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Indian J Psychiatry. 2006 Oct-Dec; 48(4): 267–268.
PMCID: PMC2915603

Use of humour in psychiatric practice: Can we do it properly?

[The following are invited commentaries on the ‘Viewpoint’ by Dr G. Swaminath: ‘Jokes A Part: In defence of humour’ (Indian J Psychiatry 2006;48:177–80)—Ed.]

Dr G. Swaminath's viewpoint is to be viewed not as a ‘joke’ but taken seriously. The ‘art of psychiatry’ needs to be restated and reinforced in clinical practice.

Though without doubt his address reflects his personality, the presentation of his viewpoint comes across very strongly and he tries to tell us how ‘humour’ should be used in clinical practice, both in history taking and in some measure in psychotherapy. In 1979, Norman Cousins talked about the therapeutic influence of humour, but it is amazing that no ‘serious’ thinking has yet been done in terms of investigating the use of humour in psychiatry. Except Kahn's (1989) explanation of the primary function, there does not seem to be any work which is worth reading, either as theory or of use of humour in psychotherapeutic techniques. In a sense, Swaminath's elaborations should be viewed from a ‘critical angle’. His snapshots are just the appetizers, but a look at them gives the obvious message that most clinicians use some of the techniques in rapport-building. However, anecdotal reports do not add up to great evidence, especially in this era of evidence-based psychiatry. There is a need of converting the pearls of Swaminath to an assessable method, apart from devising methods for use of humour in psychiatry.

In psychiatric practice there is always an exchange of emotions and thoughts and the psychiatrist has to use his learnt skill in understanding the client and help him with the acquired knowledge. The interaction is quite intimate and depends on the personality of the psychiatrist. A psychiatrist should be a good communicator. What Swaminath tells us is that humour should be an integral skill of a good communicator. Humour helps in rapport-building at various stages in clinical interviews and in some psychotherapies as well.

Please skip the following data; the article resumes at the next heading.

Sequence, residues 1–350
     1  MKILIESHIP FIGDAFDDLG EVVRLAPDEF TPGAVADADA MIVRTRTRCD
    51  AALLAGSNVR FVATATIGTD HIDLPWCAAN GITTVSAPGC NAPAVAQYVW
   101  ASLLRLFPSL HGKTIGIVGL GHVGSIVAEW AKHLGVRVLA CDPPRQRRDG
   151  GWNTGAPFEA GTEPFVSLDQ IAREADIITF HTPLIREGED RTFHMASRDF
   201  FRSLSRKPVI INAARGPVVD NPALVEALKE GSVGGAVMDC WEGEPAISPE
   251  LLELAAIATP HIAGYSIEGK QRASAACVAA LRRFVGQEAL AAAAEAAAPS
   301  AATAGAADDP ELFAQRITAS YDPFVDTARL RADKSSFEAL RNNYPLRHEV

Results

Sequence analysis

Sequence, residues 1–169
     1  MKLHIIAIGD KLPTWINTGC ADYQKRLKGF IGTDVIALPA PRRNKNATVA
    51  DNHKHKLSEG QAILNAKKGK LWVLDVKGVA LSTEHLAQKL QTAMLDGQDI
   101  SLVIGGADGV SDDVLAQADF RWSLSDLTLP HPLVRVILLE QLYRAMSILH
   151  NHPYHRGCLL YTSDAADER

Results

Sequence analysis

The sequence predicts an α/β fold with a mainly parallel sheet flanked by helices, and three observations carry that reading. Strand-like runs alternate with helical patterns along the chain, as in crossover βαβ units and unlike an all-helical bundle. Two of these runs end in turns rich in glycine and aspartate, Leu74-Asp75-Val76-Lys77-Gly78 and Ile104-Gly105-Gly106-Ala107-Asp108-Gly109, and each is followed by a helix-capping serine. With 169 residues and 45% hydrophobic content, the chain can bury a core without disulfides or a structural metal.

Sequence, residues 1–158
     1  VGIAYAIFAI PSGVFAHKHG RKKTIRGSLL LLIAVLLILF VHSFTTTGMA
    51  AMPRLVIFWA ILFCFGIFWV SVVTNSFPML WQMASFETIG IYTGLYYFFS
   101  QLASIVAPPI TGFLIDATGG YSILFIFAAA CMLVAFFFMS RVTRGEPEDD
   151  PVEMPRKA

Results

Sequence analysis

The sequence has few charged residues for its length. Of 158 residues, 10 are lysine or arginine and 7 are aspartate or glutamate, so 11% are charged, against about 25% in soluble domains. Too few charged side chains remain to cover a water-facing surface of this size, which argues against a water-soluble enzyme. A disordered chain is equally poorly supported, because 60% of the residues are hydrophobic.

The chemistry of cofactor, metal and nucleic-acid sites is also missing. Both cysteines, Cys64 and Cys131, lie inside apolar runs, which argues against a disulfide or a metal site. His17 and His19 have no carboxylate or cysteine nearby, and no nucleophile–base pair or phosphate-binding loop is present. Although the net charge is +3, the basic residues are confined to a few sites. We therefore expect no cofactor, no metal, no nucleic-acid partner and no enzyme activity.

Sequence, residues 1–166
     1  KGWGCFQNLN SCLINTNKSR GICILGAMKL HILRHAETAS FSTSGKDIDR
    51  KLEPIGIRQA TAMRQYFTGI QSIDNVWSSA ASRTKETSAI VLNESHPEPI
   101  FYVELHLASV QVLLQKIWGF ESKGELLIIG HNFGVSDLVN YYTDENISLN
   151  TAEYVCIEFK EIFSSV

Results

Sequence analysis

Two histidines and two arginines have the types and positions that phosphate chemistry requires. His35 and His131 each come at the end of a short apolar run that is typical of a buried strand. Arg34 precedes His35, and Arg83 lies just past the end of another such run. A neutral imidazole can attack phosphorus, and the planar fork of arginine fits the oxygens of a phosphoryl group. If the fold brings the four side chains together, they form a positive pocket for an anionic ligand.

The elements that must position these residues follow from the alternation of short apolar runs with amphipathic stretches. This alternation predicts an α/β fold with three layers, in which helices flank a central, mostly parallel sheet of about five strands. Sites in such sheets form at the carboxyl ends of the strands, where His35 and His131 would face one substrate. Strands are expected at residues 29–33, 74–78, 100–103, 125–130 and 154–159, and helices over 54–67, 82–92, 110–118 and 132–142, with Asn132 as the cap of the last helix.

My personal experiences of using humour are mixed. Initially, I used to bring up some relevant jokes during psychotherapeutic sessions especially when the client was using strong defence or was silent. I would employ the ongoing session content to bring out some emotional exchange which the patient was possibly trying to hide or avoid. I would use some known stories of Birbal or Tenaliramalinga, both famous for natural humour. Sometimes though, patients will not react, but more often than not most would react with a bit of cheer and I would see the session progress further. It would definitely smoothen the nerves of both of us involved in the therapy. At times humour would make new openings for the client to restart the conversation and would bring out some emotional issues. Humour would make the task easy particularly with patients with obsessive traits where there used to be some resistance in psychodynamic sessions. I use humour more in my interviews with children especially when they are unable to express themselves. I use humorous stories using their hero figure as the role model, which make them relax. Children would start the next session with their humorous story and I would try to direct them into their problems. Humour does help in dealing with children.

I use humour in marital therapies too where a careful use of humour would help in easing the tough periods during a session. Sometimes humour is used in interpretation; it helps to explain some major conflicts which affect the couples all the time and recur in the session. Lighthearted interpretation would often drive home the resolution of the conflict.

But the serious question obviously is: Can humour be taught to the budding psychiatrist? Much like psychotherapy training, can we formalize training of humour, if it is useful?

I cannot conclude, but with a wish, that young researchers should take up some of the precepts and concepts of Swaminath and conduct some experimental research. Though we know research in psychotherapy to test this hypothesis needs a difficult design, we should try to study and bring out the usefulness or otherwise of the use of humour in psycho-therapy. Likewise, I think we should try to see how humour can be used in psychiatric interviews as well. It will definitely help people like Swaminath to practice what they believe in, i.e. the ‘art of psychiatry’, with more conviction. Otherwise his effort is yet another individual ‘opinion’.

SUGGESTED READING

1. Bennett HJ. Humor in medicine. South Med J. 2003;96:1257–61. [PubMed]
2. Humour in general practice. Available from URL: http://www.medicineau.net.au/columns/IMHO/humour.html.
3. Cousins N. Anatomy of an Illness. NEJM. 1976;293:1458–63. [PubMed]
4. Puder C. The healthful effects of laughter. J Child Youth Care. 1998;12:45–53.
5. Dean A. Career focus—Psychiatry. BMJ. 1996;313:7071.

Articles from Indian Journal of Psychiatry are provided here courtesy of Medknow Publications